In the previous two articles, we’ve introduced the magic of making heat from light, and we’ve discussed passive solar design for greenhouse heating. In this third article in the series, let’s look at active solar heating systems that make use of solar gain, but harnesses it by active means such that the energy collection and storage potential is multiplied by using mechanisms such as pumps and fans. If you talk with a solar engineer, you’ll learn that passive solar systems are the most reliable, but you’ll also find that active solar systems can be well worth the additional cost of installation and operation.
We have already discussed the basics of how solar energy and thermal energy behave, so I assume those are well understood. What I want to do with this article is give two examples of how we might create active solar heating systems within our greenhouses to help gather more energy from the sun and put it to good use when growing our plants. To be sure, these systems are more complicated to design, more expensive to build, and they cost money to operate, so you’ll need to decide whether the added benefits warrant the added expense.
As an introduction to active solar heating systems, let me remind you that plant roots respond well to warm soil. Many plant varieties don’t care as much about air temperature as they do about soil temperature. And, with any solar heating system, we’ll need a large amount of thermal mass to act as a type of “thermal battery.” What better thermal mass might one find in a greenhouse than the entire planting bed filled with moist soil? With our plants needing warm soil, and our solar system needing large amounts of thermal mass, the following active solar heating systems serve as examples of how we might satisfy both of those interests at the same time.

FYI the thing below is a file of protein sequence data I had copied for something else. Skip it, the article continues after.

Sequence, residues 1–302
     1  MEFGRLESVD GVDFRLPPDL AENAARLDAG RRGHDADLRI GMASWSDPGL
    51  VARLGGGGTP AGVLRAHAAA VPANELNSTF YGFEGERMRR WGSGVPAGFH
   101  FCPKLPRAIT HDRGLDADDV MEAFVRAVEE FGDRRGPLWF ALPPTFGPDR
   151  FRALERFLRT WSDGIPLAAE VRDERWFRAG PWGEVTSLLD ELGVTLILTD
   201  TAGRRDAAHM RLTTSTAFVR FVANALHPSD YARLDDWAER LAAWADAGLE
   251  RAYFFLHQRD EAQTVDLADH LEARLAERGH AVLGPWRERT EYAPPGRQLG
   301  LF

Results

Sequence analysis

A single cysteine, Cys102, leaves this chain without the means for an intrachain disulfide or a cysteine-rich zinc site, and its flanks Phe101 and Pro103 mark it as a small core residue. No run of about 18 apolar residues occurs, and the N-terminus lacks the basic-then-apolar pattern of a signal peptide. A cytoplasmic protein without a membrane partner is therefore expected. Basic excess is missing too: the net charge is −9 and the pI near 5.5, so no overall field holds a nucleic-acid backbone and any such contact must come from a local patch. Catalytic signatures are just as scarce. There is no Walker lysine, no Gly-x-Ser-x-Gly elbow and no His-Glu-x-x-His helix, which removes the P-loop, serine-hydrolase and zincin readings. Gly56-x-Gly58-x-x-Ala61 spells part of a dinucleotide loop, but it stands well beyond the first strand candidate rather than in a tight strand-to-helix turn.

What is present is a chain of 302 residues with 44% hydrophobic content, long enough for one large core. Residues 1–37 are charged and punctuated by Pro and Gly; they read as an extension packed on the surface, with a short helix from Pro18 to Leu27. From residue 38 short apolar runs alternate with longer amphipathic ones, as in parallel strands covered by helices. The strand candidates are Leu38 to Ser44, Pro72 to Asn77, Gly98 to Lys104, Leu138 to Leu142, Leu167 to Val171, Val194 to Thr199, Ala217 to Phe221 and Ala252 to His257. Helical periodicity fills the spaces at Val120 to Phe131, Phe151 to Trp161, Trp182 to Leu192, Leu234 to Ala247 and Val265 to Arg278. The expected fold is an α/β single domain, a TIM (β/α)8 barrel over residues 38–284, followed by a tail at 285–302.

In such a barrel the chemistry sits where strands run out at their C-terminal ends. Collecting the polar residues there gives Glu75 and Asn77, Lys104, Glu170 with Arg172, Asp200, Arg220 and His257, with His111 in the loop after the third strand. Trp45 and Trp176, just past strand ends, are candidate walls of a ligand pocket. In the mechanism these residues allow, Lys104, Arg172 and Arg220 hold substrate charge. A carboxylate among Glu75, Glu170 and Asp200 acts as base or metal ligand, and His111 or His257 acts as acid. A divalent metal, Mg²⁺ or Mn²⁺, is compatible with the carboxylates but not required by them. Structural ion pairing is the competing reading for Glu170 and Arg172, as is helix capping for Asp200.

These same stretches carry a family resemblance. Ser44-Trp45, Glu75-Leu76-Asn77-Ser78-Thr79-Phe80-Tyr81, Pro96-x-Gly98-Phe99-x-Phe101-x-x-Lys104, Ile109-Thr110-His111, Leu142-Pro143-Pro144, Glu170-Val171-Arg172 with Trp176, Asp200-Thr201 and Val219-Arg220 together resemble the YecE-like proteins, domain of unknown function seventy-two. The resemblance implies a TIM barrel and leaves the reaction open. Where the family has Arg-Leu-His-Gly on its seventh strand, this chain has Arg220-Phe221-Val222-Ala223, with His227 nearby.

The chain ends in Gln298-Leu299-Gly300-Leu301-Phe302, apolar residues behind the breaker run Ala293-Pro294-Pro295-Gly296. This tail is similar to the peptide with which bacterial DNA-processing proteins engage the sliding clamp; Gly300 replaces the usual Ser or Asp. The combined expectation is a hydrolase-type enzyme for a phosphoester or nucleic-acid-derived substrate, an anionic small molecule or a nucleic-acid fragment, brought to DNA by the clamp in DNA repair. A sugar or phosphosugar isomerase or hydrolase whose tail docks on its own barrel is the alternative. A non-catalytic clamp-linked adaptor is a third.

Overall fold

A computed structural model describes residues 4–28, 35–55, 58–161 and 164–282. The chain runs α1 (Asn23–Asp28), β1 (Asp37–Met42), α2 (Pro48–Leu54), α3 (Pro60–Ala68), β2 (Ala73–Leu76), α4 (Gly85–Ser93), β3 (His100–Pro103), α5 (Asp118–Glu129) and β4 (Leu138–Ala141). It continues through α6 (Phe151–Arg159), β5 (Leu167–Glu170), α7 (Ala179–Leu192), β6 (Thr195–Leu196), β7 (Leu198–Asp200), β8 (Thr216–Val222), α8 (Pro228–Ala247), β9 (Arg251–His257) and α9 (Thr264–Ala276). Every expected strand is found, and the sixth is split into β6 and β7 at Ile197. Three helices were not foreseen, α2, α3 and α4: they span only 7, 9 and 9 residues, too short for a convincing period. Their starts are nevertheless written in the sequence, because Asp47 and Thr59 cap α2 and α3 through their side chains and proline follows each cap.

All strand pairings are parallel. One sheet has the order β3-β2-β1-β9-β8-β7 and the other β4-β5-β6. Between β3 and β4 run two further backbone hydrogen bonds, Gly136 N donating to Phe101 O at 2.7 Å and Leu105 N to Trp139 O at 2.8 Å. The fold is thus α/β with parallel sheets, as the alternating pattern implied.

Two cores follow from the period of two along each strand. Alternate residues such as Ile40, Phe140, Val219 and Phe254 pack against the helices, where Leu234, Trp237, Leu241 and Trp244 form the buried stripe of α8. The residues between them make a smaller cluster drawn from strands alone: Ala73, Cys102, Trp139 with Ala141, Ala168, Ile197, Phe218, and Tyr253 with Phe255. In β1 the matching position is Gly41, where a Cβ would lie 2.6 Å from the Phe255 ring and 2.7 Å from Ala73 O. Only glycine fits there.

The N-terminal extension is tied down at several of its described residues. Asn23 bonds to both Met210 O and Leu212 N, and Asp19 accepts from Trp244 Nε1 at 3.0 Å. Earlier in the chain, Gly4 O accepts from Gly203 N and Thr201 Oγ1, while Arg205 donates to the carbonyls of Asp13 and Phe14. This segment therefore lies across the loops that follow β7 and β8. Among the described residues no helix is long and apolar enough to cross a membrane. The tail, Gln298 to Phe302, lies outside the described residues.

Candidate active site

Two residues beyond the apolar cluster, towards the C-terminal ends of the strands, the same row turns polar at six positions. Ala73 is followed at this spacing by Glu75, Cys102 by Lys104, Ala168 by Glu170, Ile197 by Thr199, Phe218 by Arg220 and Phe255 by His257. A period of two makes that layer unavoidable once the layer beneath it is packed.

A relatively simple and effective active solar heating system can be created by pumping hot water underground to heat the soil. Hot water for the system can be easily obtained by using solar panels designed to heat water. If the hot water tubing is placed deep enough in the ground, it won’t be affected by digging forks, shovels or roto-tillers. If closed cell foam insulation is used underground around the perimeter of the greenhouse, which will minimize conduction from warm greenhouse soil to outside soil that might be exposed to below freezing temperatures. If an underground storage tank is used, then the system can be a drain-back design which obviates using anti-freeze in the system.
Before construction of the greenhouse, excavation would be undertaken to remove about 18 to 24 inches of soil. At that level, flexible water piping, capable of handling hot water, perhaps an inch in diameter, could be installed in single large coiled pattern, with each pass of the coil being spaced about six inches apart.
The large pipe coil would be attached at one end to an underground tank and pump combination where the pump would take suction off of the tank, and both the tank and pump would be slightly lower than the coil to promote water draining back into the tank. The other end of the coil would be attached to the outflow of several solar water heating panels that would be fed by the pump and tank combination. A stand pipe would be installed to vent the system to allow steam and pressure to escape.